What’s trending in the supply chain industry? At the Supply Chain Outlook Summit in Chicago, three issues dominated the conversation: The growing talent gap, advancements in technology, and the changing nature of risk.
- The talent gap is widening. No companies are posting “Help Wanted” signs outside of the vice president of supply chain’s office, but maybe they should. No other topic raised as much discussion as the shortage of supply chain talent. Part of the reason may be that supply chain opportunities are still not viewed as an enticing careers. But maybe there are other complications, too. Like the fact that technology continues to influence the supply chain, orders and supply chains are becoming more complicated, and the amount of risk is growing in the supply chain. Unless you are a service-based company, the supply chain impacts your bottom line; doing supply chains well requires good people.
- Technology in theory is progressing faster than technology in practice. Microsoft Excel continues to be the number one choice for supply chain software, but that doesn’t mean supply chain technology is stuck in the 2000s. Supply chains are innovating, and new skill sets are required for this innovation. Automation and network optimization are becoming widely adopted, but predictive analytics and mobile technology are still at a moderate rate of adoption. As these technologies become more widely used, the talent gap could actually widen. Scott Sopher from Deloitte Consulting also mentioned 3D printing and driverless vehicles/drone deliveries, which are just starting to be implemented. Understanding these technologies and how they can and will be used will become key in the next 5 to 10 years.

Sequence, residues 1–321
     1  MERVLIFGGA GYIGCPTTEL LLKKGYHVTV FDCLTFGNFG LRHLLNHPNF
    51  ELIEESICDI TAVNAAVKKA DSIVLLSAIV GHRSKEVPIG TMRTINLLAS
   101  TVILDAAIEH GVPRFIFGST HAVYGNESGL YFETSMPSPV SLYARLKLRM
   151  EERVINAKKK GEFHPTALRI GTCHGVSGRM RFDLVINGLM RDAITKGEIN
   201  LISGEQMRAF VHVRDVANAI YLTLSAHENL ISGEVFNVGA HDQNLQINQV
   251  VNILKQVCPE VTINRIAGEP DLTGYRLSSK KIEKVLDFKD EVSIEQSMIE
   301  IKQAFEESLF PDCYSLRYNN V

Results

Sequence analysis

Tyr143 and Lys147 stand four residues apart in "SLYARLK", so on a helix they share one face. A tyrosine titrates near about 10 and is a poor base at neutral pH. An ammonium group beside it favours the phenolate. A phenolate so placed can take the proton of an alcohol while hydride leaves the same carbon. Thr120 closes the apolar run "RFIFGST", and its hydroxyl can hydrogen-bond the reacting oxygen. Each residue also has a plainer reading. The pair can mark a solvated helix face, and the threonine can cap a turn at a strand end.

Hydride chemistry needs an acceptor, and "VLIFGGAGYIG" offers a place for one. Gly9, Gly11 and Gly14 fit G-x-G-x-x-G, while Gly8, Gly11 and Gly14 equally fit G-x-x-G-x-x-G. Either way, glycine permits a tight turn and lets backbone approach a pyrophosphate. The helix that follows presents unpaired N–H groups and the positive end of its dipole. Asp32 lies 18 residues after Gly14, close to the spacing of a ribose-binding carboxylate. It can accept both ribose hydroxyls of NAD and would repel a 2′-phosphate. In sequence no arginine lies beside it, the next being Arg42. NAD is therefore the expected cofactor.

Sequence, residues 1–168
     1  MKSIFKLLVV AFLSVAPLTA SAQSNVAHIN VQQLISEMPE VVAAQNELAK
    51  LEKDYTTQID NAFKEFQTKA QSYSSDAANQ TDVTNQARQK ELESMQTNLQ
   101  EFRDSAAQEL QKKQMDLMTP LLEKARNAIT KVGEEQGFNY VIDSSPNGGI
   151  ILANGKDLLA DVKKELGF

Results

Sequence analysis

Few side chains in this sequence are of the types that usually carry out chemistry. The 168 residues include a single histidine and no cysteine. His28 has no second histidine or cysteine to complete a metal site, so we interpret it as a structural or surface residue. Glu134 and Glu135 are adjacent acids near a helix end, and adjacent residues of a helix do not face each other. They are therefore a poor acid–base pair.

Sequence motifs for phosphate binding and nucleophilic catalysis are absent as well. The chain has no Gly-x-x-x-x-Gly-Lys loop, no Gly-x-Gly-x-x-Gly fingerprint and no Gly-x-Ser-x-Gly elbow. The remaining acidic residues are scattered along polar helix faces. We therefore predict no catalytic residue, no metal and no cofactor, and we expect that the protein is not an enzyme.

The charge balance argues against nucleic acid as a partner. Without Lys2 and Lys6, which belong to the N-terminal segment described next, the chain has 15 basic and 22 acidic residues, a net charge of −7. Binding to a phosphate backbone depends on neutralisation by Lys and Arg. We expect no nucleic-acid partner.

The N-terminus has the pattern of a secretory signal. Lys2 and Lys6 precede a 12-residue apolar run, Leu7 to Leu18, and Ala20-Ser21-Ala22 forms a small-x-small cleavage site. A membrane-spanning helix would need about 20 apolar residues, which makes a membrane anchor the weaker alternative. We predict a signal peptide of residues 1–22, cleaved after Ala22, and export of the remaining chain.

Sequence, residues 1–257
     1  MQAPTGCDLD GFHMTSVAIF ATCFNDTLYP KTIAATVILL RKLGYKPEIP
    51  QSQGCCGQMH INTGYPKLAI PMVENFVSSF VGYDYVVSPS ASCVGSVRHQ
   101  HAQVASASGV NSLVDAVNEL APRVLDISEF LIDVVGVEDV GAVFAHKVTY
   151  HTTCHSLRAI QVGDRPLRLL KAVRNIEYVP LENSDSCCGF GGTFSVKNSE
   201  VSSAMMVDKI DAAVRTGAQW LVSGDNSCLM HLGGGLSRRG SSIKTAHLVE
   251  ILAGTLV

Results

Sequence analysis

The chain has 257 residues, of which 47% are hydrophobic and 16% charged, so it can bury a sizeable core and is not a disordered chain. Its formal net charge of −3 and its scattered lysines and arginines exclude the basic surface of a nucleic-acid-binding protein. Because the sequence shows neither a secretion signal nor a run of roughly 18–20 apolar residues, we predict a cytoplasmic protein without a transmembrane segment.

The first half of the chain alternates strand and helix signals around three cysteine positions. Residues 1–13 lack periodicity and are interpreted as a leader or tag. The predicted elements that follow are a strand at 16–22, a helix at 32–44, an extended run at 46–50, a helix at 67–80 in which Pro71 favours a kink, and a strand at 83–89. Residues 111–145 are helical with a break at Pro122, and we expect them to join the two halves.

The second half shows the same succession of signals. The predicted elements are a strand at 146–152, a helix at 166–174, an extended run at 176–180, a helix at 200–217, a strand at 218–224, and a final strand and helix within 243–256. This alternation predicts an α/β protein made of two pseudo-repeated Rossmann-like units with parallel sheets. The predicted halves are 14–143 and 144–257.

- The nature of risk is changing. Understanding risk has always been important to best in class companies, but risk itself is changing. The location of your current suppliers might not be the same within 10 years. Nearshoring and reshoring are not just ideas anymore. Companies are looking at the true cost of doing business by location to determine where their products should be sourced and where they should be sold. And while sustainability isn’t a risk, not paying attention to sustainability could be. Resource and raw material volatility are all impacting companies. Paying attention to trends like water scarcity and urban congestion is required. These are not easy topics, and it takes a really talented team to understand what is going on and what is required in the future.
What do all of these trends have in common? Successful supply chains are still built on relationships. Who you have on your team is crucially important. The freight market is often referred to as a perfect market. There isn’t one user that is big enough to impact the market, so to really accelerate your advantage in today’s market, you need to strengthen the relationships you have. You will need to have open and honest communication with everyone you work with to ensure others share your goals. Only then will your supply chain be strong enough for whatever else comes at us in the future.